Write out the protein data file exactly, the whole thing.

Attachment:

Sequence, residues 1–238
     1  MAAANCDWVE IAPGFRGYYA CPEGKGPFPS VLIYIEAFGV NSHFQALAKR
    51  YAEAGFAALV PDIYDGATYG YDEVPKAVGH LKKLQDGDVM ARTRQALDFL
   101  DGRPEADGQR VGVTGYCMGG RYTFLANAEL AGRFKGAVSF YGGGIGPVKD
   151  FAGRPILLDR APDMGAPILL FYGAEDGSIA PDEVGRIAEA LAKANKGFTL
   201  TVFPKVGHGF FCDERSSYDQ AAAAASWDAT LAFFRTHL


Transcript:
Sequence, residues 1–238
     1  MAAANCDWVE IAPGFRGYYA CPEGKGPFPS VLIYIEAFGV NSHFQALAKR
    51  YAEAGFAALV PDIYDGATYG YDEVPKAVGH LKKLQDGDVM ARTRQALDFL
   101  DGRPEADGQR VGVTGYCMGG RYTFLANAEL AGRFKGAVSF YGGGIGPVKD
   151  FAGRPILLDR APDMGAPILL FYGAEDGSIA PDEVGRIAEA LAKANKGFTL
   201  TVFPKVGHGF FCDERSSYDQ AAAAASWDAT LAFFRTHL